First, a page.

Connecticut has a long list of Olympic gold medal-winning athletes to its credit, including Dorothy Hamill from Greenwich, Fairfield's Julie Chu and two-time gold medalist Kristine Lilly of Wilton.

In cerebral competition, Alex Siegenfeld of Westport is the only state resident to bring home the gold from the International Chemistry Olympiad in the competition's four-plus decade history. The 17-year-old was one of four high school students, all from the East Coast, to represent the United States in the 42nd International Chemistry Olympiad, held last month in Tokyo, Japan. They were chosen from an original pool of more than 11,000 high school students nationwide.

The U.S. team competed successfully against approximately 250 students from 65 countries, according to Rachael Bishop, a spokeswoman for the Washington, D.C.-based American Chemical Society, the world's largest scientific society, which sponsors the team from America each year.

Siegenfeld and Colin Lu, of Vestal, N.Y., both won gold medals. Richard Li, of Clarksville, Md., won silver, and Utsarga Sikder, of Monmouth Junction, N.J., took home a bronze. There were 32 gold medals awarded at the competition. The medals were presented to winners in ceremonies at Waseda University. The last time the U.S. won two gold medals in the same year was 2002, Bishop said.

Siegenfeld, who is working at Yale University this summer on a project to repair a nuclear magnetic resonance machine, downplayed the significance of being the first from Connecticut to win a gold in the international academic event, preferring to focus instead on the team effort. "I did feel really honored to be representing the U.S. in this competition," he said.

"He is very humble and modest. He doesn't like to draw too much attention to himself, but he should be very proud of his accomplishments ... He is quite an extraordinary kid," said Sarah Leite, Siegenfeld's Advanced Placement chemistry teacher at Hopkins School in New Haven, where he will be a senior this year.

"Alex is a highly self-motivated and determined student who spends a great deal of time outside of class to master the material and delve further into the subject," said Leite, adding that Siegenfeld's fifth place finish, or first alternate, last year may have provided him with extra motivation to improve this year.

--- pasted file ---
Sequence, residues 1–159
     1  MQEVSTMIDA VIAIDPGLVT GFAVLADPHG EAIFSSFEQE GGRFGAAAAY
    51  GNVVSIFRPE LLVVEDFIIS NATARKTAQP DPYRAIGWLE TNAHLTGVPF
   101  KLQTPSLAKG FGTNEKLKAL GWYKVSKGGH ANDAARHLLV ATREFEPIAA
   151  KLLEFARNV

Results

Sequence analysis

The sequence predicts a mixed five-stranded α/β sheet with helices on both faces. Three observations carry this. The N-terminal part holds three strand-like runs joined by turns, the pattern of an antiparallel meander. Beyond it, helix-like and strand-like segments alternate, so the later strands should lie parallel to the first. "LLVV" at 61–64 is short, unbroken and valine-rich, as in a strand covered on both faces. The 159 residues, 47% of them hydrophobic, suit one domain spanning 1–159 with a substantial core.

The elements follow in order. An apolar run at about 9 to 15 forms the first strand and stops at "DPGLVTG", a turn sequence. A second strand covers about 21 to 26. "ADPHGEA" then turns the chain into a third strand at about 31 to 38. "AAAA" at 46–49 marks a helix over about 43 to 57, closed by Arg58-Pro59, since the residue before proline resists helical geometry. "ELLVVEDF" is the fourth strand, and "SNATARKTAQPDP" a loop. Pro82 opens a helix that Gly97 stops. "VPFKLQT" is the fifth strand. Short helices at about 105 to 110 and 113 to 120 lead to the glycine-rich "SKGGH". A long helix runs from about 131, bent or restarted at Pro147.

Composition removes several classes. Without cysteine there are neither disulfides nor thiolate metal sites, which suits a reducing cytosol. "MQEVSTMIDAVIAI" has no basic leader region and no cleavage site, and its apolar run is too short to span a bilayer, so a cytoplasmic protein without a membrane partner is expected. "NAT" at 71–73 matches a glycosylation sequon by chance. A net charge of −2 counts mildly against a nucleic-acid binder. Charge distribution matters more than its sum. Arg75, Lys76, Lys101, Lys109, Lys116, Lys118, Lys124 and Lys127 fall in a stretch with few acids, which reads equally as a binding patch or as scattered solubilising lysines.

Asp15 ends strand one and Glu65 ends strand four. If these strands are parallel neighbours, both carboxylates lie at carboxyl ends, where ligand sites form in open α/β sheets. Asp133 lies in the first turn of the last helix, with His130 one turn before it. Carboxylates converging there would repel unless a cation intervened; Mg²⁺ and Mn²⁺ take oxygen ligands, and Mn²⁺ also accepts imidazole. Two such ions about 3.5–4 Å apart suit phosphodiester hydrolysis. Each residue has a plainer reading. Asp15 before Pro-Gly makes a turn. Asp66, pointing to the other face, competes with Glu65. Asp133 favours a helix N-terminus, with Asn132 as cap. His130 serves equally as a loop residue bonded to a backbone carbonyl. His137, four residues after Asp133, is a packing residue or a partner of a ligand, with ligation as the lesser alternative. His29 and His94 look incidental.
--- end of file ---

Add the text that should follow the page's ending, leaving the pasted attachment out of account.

"If it weren't for her excellent teaching and dedication I never would have had these opportunities," Siegenfeld said of his two consecutive experiences with the chemistry competition.

Siegenfeld said it was Leite who brought the competition to his attention during his sophomore year. The competition starts each year with a local test of 60 multiple-choice questions followed by a national test involving another 60 questions, a free-response section and a laboratory practical with two tasks. The top 20 -- 18 males and two females this year -- are then sent to a study camp at the U.S. Air Force Academy in Colorado. During the camp, the students receive college-level training, with an emphasis on organic chemistry, through a series of lectures, problem-solving exercises, lab work, and testing.

The camp concludes with the selection of the four team members and the first and second alternates. Each nation sends four contestants and two coaches to the host country for nine days of theoretical and laboratory exams and lectures.

"This is really the Olympics for chemistry for young people. They are effectively doing the work of graduate students and post-doctorates. The level of research that they are doing is so significant that they will become the scientific leaders of our future," Bishop said.

Competitors are given a chance to take in the local culture.

While in Japan, Siegenfeld said the visitors got to try on kimonos, witness a Japanese tea ceremony, fold paper origami style, visit Tokyo Tower, the local science museum and several shrines, as wel as try their hand at Japanese calligraphy. Siegenfeld said he enjoyed "getting to know students from other countries who are also passionate about chemistry."

As a gold medalist, Siegenfeld is no longer eligible for the International Chemistry Olympiad. His sights are now set on college and beyond. He has not decided what university he will attend, but said, "I'm almost certain I want to study chemistry, probably inorganic chemistry ..."

"I think I might want to be a professor of chemistry," said Siegenfeld, who does enjoy other pursuits. He takes piano lessons and occasionally composes, and his hobbies include reading "random things" about chemistry and science, playing chess, playing bridge and occasionally playing tennis or table tennis.